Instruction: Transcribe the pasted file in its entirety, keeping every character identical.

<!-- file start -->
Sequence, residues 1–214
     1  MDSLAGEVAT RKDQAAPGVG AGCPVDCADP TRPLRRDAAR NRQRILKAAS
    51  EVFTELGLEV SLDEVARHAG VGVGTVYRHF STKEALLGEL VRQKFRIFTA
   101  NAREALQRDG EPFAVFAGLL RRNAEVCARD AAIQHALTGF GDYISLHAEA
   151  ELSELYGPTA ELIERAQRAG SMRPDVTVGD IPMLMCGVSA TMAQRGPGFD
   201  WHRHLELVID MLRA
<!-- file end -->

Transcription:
Sequence, residues 1–214
     1  MDSLAGEVAT RKDQAAPGVG AGCPVDCADP TRPLRRDAAR NRQRILKAAS
    51  EVFTELGLEV SLDEVARHAG VGVGTVYRHF STKEALLGEL VRQKFRIFTA
   101  NAREALQRDG EPFAVFAGLL RRNAEVCARD AAIQHALTGF GDYISLHAEA
   151  ELSELYGPTA ELIERAQRAG SMRPDVTVGD IPMLMCGVSA TMAQRGPGFD
   201  WHRHLELVID MLRA